Authorities in mainland China have handed over criminal cases concerning 18 employees of Australian casino operator Crown Resorts Ltd to a district-level prosecutor’s office, reported Australian media. The move brings those people a step closer to trial following their detention in October last year, according to the reports.
The Australian Financial Review reported on Wednesday that the case was given to Shanghai’s Baoshan District People’s Procurator two weeks ago. The newspaper added that handing the case to a district rather than city-level prosecutor suggests authorities are pursuing lower-level charges around the promotion of gambling, rather than more serious offences.
“Giving the case to a district-level procurator implies a less severe or shorter sentence,” said Shanghai criminal lawyer Si Weijiang, as quoted by the Australian Financial Review. Mr Si additionally said it would usually take the procurator’s office a further three months to review the case, before handing it over to a local court which was responsible for setting trial dates.
While specific charges haven’t been detailed, the Crown Resorts employees were detained on suspicion of committing “gambling-related crimes”, said at the time the Chinese Ministry of Foreign Affairs. Three Australians – including Jason O’Connor, the group’s executive vice president for international VIP business – were said to have been among the Crown Resorts staff arrested.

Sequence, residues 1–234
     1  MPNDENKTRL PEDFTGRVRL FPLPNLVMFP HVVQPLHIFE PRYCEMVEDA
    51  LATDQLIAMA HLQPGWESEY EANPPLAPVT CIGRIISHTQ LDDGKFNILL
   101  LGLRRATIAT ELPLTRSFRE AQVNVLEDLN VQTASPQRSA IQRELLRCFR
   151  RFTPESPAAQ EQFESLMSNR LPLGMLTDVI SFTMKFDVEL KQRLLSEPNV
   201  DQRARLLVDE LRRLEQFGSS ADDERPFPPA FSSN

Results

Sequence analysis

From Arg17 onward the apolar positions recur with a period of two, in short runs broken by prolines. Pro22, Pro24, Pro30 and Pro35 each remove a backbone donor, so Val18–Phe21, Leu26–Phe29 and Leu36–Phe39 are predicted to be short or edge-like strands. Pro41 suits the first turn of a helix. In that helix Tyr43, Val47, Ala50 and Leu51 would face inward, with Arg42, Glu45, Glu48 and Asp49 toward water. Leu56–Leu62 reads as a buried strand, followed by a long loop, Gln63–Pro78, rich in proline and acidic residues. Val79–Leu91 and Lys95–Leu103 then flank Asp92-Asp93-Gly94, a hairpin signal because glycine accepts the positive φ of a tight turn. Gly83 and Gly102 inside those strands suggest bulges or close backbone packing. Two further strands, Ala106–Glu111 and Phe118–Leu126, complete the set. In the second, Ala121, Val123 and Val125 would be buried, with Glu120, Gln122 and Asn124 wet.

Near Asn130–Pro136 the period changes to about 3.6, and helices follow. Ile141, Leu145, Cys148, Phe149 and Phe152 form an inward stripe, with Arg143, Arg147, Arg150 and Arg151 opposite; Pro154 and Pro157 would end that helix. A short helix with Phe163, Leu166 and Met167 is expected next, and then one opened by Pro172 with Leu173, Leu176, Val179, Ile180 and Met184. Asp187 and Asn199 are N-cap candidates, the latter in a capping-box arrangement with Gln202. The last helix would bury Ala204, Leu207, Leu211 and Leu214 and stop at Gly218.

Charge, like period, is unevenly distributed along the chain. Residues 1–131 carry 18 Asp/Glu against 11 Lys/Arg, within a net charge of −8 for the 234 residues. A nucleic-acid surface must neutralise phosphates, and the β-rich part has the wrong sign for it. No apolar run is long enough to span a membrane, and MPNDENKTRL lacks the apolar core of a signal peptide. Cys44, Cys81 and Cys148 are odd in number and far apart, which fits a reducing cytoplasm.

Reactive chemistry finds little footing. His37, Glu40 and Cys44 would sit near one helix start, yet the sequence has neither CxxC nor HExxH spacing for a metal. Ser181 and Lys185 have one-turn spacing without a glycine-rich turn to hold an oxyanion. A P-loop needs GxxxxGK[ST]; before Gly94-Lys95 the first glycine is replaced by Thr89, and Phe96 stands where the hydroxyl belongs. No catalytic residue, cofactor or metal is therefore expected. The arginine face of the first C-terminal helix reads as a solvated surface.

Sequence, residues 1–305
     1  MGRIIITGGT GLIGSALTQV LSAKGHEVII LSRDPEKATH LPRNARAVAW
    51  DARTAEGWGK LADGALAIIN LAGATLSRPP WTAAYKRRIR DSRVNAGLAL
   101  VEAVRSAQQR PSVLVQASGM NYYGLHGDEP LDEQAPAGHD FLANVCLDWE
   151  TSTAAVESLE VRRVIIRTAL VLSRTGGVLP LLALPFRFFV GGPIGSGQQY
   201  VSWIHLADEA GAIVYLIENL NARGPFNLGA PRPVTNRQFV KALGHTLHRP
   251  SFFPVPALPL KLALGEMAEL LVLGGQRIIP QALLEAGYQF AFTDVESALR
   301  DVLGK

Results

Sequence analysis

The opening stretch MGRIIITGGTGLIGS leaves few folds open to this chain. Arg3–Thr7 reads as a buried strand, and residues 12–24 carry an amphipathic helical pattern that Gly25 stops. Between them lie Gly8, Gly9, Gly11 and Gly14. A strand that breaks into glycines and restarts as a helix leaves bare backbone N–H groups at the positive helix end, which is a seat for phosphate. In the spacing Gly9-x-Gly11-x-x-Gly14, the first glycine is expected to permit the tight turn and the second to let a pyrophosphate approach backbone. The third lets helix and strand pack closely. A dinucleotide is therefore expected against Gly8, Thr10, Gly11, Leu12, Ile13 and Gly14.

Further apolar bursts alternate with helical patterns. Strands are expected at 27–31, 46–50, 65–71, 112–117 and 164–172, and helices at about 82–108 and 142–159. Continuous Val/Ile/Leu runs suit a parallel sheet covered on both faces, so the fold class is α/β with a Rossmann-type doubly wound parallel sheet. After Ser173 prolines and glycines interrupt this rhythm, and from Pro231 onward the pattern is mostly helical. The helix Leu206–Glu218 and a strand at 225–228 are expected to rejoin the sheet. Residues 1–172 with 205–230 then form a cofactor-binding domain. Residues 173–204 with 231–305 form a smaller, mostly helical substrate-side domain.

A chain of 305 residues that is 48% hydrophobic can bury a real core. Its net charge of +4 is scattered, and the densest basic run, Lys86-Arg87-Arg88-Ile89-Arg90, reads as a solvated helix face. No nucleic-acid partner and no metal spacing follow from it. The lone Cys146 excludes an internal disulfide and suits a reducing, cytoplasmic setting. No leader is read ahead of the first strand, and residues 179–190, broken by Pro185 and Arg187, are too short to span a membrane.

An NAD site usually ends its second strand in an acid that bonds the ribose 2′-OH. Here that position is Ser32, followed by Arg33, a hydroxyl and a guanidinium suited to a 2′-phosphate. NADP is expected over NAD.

In February, Crown Resorts had announced turnover from its VIP gambling operations in Australia had plunged 45.3 percent year-on-year in the six months ending December 31. Executives with the company said at the time they were seeking “clarity” in relation to the detentions in mainland China, adding that Crown Resorts had “no intention to retreat” from the Chinese market.
In a presentation on Wednesday at the Macquarie Securities Australia Conference in Sydney, Australian casino operator The Star Entertainment Group Ltd said its international VIP business continues to be impacted by the detention of the Crown Resorts employees last year. Star Entertainment said however that its international VIP business volumes are “showing signs of stabilisation”.
Star Entertainment said it continues to diversify into global VIP markets, expanding its VIP business in South Asia, while applying a “near term cautious approach in North Asia”.
Matt Bekier, Star Entertainment’s chief executive, had said in February that the detentions of Crown Resorts employees in mainland China had triggered “greater caution” in the market.
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”While we recognise we have more work to do, we welcome ILGA’s indication today that Crown’s reform implementation is well-advanced towards suitability to operate gaming at Crown Sydney”
Executive chairman of Australian casino operator Crown Resorts